lectures on jurisprudence


Expressions et termes fréquents

Fréquemment cités

Page 730 - Omne jus quo utimur vel ad personas pertinet, vel ad res, vel ad actiones.
Page 964 - Elle (la vente) est parfaite entre les parties, et la propriété est acquise de droit à l'acheteur à l'égard du vendeur dès qu'on est convenu de la chose et du prix, quoique la chose n'ait pas encore été livrée ni le prix payé.
Page 630 - What hindered him from seeing this, was the childish fiction employed by our judges, that judiciary or common law is not made by them, but is a miraculous something made by nobody, existing, I suppose, from eternity, and merely declared from time to time by the judges.
Page 563 - Jus autem civile vel gentium ita dividitur : omnes populi, qui legibus et moribus reguntur, partim sUO proprio, partim communi omnium hominum jure utuntur : nam quod quisque populus ipse sibi jus constituit, id ipsius proprium civitatis est vocaturque jus civile, quasi jus proprium ipsius civitatis : quod vero naturalis ratio inter omnes homines constituit, id apud omnes populos perseque custoditur vocaturque jus gentium, quasi quo jure omnes gentes utuntur.
Page 858 - The present capacity of taking effect in possession, if the possession were to become vacant, and not the certainty that the possession will become vacant, before the estate limited in remainder determines, universally distinguishes a vested remainder from one that is contingent.
Page 684 - Such are the rights and duties capacities and incapacities of husband and wife, parent and child, guardian and ward, master and slave, of an alien, an insane person, or a magistrate.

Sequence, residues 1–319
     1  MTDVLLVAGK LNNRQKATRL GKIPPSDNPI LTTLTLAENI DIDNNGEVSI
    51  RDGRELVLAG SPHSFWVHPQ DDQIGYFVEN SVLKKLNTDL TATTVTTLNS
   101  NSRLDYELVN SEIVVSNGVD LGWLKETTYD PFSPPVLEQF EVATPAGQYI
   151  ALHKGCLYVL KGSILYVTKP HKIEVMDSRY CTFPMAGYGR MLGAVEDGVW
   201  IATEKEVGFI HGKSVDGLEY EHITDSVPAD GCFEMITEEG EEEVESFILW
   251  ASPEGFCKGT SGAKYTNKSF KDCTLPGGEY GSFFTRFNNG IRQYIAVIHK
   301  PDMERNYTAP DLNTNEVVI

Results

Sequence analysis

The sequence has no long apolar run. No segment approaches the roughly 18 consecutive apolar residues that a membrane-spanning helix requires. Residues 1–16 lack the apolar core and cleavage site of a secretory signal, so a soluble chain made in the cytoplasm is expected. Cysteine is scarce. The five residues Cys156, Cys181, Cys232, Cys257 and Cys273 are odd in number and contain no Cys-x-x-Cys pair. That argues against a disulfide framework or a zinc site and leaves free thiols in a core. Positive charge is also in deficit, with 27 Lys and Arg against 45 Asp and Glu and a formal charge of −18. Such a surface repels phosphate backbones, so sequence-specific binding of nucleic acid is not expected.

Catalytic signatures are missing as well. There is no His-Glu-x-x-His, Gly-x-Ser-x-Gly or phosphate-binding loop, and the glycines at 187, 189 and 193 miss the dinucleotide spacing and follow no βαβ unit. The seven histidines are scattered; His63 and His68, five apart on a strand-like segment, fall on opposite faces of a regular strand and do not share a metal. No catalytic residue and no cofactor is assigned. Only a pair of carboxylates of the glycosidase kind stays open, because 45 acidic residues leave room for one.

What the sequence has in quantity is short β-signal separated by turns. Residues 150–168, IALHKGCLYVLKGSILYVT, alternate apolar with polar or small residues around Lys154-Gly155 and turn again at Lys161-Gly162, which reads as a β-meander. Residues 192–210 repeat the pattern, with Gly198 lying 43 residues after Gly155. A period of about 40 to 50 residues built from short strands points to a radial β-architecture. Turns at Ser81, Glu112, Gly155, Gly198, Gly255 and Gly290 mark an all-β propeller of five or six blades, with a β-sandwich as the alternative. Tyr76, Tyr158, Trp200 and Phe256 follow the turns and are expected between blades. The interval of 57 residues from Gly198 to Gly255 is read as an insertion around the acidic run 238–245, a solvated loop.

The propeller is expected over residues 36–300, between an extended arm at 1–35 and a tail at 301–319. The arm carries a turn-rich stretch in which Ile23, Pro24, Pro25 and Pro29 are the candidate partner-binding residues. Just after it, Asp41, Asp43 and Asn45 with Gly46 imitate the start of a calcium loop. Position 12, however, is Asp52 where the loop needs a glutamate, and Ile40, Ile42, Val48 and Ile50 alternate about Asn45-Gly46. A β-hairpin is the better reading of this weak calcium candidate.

Page 964 - LA propriété des biens s'acquiert et se transmet par succession, par donation entre- vifs ou testamentaire, et par l'effet des obligations.
Page 589 - Bentham to the law which the Courts are established to administer, as opposed to the rules according to which the substantive law is itself administered. These last, or the rules of procedure or practice, he has termed adjective law.
Page 1067 - ... necessary. For we cannot imagine coherently a system of law (or a system of law as evolved in a refined community), without conceiving them as constituent parts of it. Of these necessary principles, notions, and distinctions, I will suggest briefly a few examples. 1. The notions of IXity, Right, Liberty, Injury, Punishment, Redress; with their various relations to one another, and to law, Sovereignty, and Independent Political Society!
Page 859 - And, on that supposition, if the party die before the given time, the contingent right can never vest, and there is no possibility transmissible to his representatives. For example : If land be given to A for life, and in case B survive A, to B and his heirs, if B die before A, the contingent right can never vest. But if the existence of the party at a given time be not parcel of the contingency, the contingent right (if it be calculated to endure beyond the party's life,) may devolve to his representatives.

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